Oil Compatibility Testing: A Smart Way to Avoid Downtime

Not exactly sure what oil is in the reservoir, but it’s running low and probably OK to top it off with whatever’s around, right?  Wrong—but not always. So how do you know which lubricants are compatible and which are, well, like oil and water? There are really only two ways:

1.  Ask one or both of the manufacturers

2.  Test the lubricants for compatibility

Eurofins TestOil Analytical Services Manager Monika Malcolm explains, “We would recommend compatibility testing in cases where oils will be intentionally mixed in machines. Reasons this could occur include: the plant is trying to consolidate lubricants in use; the current product is discontinued; there are supply chain issues, etc.”

                Eurofins TestOil’s Compatibility Studies are based on ASTM D7155-20 Evaluating Compatibility of Mixtures of Turbine Lubricating Oils. The method has four tiers of testing. Tier I Visual Appearance and Tier II Interfacial Properties are required.  Tier III and Tier IV are considered optional, but can provide information regarding other critical properties of the lubricant.

  • Tier I calls for heating the mixtures along with neat samples of the constituent oils for a period of time, then incubating at room temperature, with visual assessments of the mixtures for clarity and development of precipitates after both the heating and room temperature incubation.
  • Tier II includes tests such as ASTM D1401 to determine water separability, ASTM D892 to determine foaming characteristics, and ASTM D7843 to check for development of insolubles.
  • Tier III tests are considered Physical and Chemical Property tests (for example ASTM D445 viscosity or ASTM D5185 additive metals).
  • Tier IV tests are considered Specific Performance Property tests (such as ASTM D665 Rust, ASTM D130 Copper Corrosion, or ASTM D2272 RPVOT).

Compatibility testing will identify incompatible lubricants before they are mixed in equipment and cause operational issues. Alternative choices can then be evaluated so that a suitable replacement can be selected.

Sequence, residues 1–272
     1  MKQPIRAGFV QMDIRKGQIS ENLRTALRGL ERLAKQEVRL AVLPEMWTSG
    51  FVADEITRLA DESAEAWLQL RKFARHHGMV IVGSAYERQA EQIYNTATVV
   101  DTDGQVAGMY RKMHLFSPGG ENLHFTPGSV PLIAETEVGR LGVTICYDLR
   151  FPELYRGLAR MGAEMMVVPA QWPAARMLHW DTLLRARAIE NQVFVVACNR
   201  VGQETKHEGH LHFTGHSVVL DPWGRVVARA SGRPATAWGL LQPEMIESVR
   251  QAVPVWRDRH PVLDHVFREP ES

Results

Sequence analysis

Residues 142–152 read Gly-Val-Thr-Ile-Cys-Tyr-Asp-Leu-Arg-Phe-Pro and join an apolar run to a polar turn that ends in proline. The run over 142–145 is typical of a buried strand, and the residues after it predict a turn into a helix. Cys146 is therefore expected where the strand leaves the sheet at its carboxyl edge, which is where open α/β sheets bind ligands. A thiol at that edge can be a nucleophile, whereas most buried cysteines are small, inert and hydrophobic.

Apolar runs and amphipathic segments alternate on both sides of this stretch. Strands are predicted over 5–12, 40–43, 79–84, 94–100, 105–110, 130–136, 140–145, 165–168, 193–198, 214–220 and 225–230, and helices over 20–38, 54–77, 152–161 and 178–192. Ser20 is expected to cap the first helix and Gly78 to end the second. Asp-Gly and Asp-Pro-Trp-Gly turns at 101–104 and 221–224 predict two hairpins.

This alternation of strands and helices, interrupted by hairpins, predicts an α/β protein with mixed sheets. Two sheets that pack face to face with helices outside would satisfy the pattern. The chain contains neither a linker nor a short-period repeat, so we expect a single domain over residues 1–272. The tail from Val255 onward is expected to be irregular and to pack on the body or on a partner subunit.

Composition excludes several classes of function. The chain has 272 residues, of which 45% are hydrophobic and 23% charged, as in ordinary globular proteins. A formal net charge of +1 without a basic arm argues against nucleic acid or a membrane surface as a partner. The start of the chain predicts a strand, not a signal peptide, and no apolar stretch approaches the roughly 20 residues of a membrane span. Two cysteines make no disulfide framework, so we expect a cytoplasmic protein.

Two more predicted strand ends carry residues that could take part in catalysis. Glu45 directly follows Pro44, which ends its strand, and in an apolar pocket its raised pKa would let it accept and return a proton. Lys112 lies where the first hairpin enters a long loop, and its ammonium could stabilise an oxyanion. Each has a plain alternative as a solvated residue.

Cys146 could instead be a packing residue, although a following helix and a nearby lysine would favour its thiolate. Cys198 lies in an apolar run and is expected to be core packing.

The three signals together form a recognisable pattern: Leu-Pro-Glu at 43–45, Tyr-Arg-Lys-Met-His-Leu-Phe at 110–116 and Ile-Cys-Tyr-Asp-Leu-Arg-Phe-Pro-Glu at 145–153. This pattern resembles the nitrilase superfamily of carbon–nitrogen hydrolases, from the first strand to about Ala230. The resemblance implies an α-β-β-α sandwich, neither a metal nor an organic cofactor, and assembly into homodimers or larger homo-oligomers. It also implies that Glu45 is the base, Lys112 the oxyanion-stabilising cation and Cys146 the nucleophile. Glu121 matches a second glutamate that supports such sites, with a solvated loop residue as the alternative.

According to Monika, lubricants usually get mixed in one of three ways: due to the intentional addition of a different lubricant to a machine; accidental addition of the wrong lubricant to the machine; or due to accidental contamination with a different lubricant, i.e. a leaking hydraulic line dripping hydraulic fluid onto a gearbox resulting in the hydraulic fluid entering the oil system of the gearbox.

                Accidental addition of the wrong lubricant can largely be prevented through the use of a visual management system (color/shape codes for each type of lubricant in use in the plant, cards/stickers attached to each machine and each lube in the lube room) to identify the product in use for each machine.

Monika adds, “In cases where the lubricant that has been in use is either temporarily or permanently no longer available, then performing a compatibility study to ensure the lubricants are compatible before mixing them in equipment can help avoid downtime due to adverse effects from mixing lubricants.”

                There are consequences—often serious--for mixing incompatible fluids. “Mixing incompatible lubricants can result in loss of critical performance characteristics of the lubricant (such as the ability to separate from air, the ability to separate from water, loss of rust/corrosion protection, etc.),” Monika says. “Mixing incompatible lubricants can also result in drop out of additives and/or formation of insoluble materials which can clog filters and interfere with the functioning of moving parts.”

All of this can be avoided with a little due diligence and testing, if necessary. “With testing, incompatible lubricants can be identified before they are mixed in equipment and cause operational issues. Alternative choices can be evaluated so that a suitable replacement can be selected,” Monika concludes.

                For more information on working with Eurofins TestOil for oil analysis and training visit www.testoil.com. Contact: 216-251-2510; sales@testoil.com.

                With more than 30 years of experience in the oil analysis industry, Eurofins TestOil, focuses exclusively on assisting industrial facilities with reducing maintenance costs and avoiding unexpected downtime through oil analysis program implementation. As industry experts in diagnosing oil-related issues in equipment such as turbines, hydraulics, gearboxes, pumps, compressors and diesel generators, Eurofins TestOil provides customers with a guarantee of same-day turnaround on all routine testing. Eurofins TestOil PRO certified lubrication professionals educate the industry on oil analysis through public and private onsite training. These highly experienced professionals provide a variety of onsite services; from collecting oil samples to conducting failure analyses to writing work orders. For more information on partnering with Eurofins TestOil on oil analysis programs or training opportunities visit https://testoil.com. Contact: Michael Barrett 216-251-2510; sales@testoil.com

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